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Divvy’s ‘StallFall’ Campaign Encourages Cycling In September

Month-long campaign to keep the summer party going will include pop-up events and giveaways like free ride vouchers, frisbees and ice cream.

Divvy riders on the Riverwalk this past spring.
Alisa Hauser/Block Club Chicago
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CHICAGO — Summer is not over yet. That’s the message behind Divvy bike share’s hashtag-driven #StallFall campaign, which kicked off on Friday.

To “keep the summer party going through September,” the StallFall festivities will include pop-up events at various bike stations, summer-themed giveaways, popsicles, frisbees and beach balls. And the goods will come out of the back of Divvy’s specialty trikes – not the blue vans.

Ridden by Divvy ambassadors, the trikes will pop by the Oak Street and North Avenue beaches, happy hours on Hubbard Street and circle laps around the Loop, among other spots.

Exactly when and where the trikes where be will be announced Divvy Bikes’ Twitter. Fans can follow along and post their own fall-stalling adventures using the hashtag #stallfall on social media.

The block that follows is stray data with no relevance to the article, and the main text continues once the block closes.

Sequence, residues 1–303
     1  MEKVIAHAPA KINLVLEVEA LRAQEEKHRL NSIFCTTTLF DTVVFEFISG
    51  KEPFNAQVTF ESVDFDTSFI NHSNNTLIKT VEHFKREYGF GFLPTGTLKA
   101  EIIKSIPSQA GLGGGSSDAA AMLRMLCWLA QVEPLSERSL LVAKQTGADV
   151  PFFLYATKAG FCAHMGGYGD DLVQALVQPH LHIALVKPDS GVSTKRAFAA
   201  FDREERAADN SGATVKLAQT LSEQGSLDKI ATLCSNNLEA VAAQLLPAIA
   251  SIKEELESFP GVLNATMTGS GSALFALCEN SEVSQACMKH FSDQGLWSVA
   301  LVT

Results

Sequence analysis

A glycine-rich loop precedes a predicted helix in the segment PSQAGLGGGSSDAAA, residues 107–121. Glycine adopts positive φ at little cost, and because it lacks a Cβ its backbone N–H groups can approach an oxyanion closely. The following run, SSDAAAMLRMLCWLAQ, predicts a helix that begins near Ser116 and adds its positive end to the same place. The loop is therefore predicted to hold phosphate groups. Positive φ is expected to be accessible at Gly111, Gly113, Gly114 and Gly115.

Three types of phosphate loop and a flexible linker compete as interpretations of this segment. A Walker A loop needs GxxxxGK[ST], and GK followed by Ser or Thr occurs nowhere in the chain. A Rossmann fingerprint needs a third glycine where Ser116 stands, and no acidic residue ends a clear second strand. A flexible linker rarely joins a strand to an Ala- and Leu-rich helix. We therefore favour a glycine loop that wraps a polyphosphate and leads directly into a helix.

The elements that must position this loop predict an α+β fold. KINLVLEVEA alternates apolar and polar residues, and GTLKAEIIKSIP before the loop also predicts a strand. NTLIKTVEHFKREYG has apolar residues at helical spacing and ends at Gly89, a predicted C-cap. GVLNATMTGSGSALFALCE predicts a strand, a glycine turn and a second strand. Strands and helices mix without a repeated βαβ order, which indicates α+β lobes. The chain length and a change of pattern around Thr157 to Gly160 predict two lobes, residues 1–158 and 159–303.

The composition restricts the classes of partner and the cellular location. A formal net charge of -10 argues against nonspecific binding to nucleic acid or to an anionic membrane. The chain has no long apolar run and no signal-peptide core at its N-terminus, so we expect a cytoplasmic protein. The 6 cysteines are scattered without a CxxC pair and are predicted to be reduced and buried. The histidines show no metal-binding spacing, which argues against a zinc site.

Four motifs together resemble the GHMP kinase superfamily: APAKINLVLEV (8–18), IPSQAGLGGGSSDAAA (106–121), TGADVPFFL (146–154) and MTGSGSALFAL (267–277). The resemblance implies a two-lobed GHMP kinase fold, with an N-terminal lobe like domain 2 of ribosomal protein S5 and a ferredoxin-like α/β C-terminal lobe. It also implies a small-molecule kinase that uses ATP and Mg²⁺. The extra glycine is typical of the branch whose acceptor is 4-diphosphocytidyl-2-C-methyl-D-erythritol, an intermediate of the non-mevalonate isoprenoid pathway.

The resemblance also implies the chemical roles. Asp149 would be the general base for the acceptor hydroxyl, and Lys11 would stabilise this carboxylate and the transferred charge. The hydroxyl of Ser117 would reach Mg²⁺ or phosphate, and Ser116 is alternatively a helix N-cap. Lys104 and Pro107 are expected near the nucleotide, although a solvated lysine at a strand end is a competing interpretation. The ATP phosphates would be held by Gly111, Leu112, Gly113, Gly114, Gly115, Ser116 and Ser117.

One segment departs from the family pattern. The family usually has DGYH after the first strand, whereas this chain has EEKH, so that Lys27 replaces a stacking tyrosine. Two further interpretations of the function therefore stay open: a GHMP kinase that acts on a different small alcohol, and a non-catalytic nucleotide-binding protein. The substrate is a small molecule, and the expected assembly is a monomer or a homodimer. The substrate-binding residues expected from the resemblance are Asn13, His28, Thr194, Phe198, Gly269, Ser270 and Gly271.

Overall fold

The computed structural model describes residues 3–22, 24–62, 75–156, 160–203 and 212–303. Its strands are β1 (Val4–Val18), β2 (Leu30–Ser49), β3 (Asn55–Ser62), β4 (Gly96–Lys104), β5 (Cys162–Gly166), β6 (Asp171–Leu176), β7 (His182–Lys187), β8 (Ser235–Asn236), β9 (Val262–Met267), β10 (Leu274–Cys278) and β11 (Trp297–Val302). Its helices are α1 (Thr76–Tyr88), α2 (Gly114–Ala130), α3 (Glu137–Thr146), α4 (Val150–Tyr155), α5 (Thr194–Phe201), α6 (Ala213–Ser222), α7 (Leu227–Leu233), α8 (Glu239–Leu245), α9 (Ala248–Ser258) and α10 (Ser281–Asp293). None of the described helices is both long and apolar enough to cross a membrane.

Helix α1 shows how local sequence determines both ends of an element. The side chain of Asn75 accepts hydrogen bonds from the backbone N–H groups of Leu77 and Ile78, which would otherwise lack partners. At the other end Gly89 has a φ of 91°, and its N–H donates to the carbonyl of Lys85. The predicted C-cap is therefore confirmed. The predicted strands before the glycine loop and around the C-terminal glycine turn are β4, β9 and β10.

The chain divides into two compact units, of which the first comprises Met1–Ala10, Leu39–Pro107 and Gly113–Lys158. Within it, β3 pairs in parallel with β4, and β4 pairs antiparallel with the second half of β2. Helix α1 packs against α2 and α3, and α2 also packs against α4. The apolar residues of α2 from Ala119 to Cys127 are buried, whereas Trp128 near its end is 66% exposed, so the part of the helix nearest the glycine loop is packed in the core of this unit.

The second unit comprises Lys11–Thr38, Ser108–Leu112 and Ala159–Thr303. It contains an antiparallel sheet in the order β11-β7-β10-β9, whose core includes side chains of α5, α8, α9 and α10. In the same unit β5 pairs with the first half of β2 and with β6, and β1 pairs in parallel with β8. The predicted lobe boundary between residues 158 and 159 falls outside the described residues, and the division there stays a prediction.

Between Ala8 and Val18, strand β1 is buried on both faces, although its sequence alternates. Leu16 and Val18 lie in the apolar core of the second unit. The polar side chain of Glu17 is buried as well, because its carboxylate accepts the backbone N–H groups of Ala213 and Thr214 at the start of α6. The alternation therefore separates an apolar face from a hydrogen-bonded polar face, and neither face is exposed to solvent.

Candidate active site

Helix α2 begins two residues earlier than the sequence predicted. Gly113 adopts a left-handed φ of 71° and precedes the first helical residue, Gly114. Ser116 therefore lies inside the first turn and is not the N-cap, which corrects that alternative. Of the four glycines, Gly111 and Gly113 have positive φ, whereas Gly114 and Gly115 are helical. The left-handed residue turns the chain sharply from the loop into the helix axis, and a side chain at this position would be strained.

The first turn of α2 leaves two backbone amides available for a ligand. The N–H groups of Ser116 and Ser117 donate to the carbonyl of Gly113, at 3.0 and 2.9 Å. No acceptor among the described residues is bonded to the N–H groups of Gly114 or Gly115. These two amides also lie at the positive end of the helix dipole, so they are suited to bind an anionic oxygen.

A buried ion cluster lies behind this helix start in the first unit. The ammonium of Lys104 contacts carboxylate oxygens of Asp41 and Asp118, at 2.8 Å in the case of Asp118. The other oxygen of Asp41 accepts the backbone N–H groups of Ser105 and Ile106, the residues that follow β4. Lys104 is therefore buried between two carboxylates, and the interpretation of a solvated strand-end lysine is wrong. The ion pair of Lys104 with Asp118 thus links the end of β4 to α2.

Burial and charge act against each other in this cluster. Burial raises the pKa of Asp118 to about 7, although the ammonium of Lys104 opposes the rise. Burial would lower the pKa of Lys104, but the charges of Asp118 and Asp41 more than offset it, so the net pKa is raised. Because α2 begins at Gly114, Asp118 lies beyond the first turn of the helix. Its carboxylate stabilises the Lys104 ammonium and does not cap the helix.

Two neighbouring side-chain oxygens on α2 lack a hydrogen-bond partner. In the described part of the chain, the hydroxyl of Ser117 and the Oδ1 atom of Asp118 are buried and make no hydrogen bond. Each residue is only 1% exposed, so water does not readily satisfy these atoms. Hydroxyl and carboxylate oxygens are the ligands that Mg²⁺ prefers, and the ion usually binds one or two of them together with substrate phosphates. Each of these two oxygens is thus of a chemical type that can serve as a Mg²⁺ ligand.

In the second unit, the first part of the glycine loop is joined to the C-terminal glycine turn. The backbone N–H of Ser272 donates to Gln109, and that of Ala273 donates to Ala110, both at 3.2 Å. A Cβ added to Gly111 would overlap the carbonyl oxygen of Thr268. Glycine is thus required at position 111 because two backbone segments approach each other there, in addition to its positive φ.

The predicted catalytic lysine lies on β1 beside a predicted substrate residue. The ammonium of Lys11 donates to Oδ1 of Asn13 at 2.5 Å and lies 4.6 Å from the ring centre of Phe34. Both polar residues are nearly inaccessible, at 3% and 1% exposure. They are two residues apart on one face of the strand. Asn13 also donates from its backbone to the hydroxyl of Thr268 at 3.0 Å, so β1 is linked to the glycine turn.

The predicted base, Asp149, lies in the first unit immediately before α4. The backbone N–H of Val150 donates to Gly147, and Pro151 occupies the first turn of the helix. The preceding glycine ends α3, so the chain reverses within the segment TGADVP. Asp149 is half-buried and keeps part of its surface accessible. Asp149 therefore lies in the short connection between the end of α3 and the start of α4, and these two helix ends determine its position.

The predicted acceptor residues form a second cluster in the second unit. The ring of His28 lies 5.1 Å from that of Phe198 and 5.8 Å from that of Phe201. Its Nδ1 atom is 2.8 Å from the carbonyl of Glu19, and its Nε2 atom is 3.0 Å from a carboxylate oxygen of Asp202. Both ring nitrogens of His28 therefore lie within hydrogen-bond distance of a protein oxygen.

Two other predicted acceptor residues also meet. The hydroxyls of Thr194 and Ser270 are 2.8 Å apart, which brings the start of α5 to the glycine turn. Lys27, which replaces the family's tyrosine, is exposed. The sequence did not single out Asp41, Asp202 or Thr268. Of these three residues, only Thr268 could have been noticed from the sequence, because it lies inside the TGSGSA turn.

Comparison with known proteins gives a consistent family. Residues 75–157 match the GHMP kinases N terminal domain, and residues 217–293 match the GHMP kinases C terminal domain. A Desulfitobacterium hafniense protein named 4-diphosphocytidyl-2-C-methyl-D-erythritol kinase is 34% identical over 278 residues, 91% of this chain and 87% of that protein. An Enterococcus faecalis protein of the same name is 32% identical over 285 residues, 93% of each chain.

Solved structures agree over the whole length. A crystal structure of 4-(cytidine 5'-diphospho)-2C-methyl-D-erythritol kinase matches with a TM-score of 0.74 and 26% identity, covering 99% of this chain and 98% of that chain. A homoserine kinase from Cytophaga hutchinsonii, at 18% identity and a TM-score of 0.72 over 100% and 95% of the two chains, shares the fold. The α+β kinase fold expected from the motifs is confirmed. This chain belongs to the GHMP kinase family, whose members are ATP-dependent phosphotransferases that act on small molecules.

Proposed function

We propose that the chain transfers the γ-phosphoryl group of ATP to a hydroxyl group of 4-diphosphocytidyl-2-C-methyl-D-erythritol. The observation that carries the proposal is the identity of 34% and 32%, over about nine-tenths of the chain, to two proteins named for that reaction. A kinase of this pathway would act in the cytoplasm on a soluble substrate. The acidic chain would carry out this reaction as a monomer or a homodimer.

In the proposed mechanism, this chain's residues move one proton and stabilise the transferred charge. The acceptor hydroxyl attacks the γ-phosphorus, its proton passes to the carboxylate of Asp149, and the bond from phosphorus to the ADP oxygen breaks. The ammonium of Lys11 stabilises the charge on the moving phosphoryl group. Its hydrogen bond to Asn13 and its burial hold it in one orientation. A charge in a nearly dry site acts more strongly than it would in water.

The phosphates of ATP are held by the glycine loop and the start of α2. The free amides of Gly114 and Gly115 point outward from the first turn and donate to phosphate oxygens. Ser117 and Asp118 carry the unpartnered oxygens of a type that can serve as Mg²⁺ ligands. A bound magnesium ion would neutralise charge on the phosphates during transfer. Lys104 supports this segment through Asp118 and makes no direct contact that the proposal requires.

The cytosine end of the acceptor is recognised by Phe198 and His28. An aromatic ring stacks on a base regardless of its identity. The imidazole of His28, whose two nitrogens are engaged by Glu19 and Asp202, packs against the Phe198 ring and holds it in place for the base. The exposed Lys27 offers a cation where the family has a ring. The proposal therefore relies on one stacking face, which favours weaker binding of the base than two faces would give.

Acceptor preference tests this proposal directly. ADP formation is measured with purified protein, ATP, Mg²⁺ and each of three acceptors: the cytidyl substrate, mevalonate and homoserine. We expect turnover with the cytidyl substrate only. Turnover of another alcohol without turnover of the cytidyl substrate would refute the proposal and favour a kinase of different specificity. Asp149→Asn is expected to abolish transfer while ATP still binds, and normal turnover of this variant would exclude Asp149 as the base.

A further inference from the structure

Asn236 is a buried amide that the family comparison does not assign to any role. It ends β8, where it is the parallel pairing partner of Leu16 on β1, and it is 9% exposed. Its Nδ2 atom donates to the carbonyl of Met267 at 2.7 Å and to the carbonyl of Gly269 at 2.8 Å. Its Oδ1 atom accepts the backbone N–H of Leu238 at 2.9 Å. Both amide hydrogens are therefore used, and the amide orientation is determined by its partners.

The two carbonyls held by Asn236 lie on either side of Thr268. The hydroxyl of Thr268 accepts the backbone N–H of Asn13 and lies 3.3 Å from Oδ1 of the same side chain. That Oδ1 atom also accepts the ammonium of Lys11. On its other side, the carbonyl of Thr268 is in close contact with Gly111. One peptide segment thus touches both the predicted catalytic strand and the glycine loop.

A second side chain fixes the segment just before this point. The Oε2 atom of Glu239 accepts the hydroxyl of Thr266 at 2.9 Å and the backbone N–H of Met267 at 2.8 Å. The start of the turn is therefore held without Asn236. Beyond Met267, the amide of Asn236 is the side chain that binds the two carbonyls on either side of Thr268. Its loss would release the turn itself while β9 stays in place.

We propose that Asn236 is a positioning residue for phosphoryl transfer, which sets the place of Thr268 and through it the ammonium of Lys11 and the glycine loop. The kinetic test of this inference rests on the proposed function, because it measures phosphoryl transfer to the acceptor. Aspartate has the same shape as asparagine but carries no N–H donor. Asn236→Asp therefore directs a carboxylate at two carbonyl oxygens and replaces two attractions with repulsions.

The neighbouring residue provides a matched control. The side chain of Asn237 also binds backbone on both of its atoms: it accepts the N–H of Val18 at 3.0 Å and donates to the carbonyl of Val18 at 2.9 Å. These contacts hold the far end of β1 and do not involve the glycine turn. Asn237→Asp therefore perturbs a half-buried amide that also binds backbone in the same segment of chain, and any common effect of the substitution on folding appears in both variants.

Related: Here Are The Locations For Divvy’s 36 New Stations Across Chicago 

“Just because it’s time for back to school doesn’t mean the summer fun should stop,” said Michael Critzon, Divvy’s General Manager, in a statement. 

Divvy said in a news release that 2018 has been “an amazing year” for the service that launched in late June 2013 and has 6,000 bikes available for rent at 600 stations. A new Divvy App (the popular Transit app also still allows cyclists to find and rent the nearest Divvy) has been downloaded almost 100,000 times, officials said.

Divvy also improved its system this year by adding a $3 single ride option and increasing ride time for annual members from 30 to 45 minutes. 

Since the new pricing launched in February, nearly 300,000 Single Rides passes have been sold throughout Chicagoland, according to Divvy.

Divvy costs $99 for an annual membership and also offers a Divvy for Everyone subsidized membership program that charges $5 for the first year and gradually increases over four years until it maxes out at $75 a year.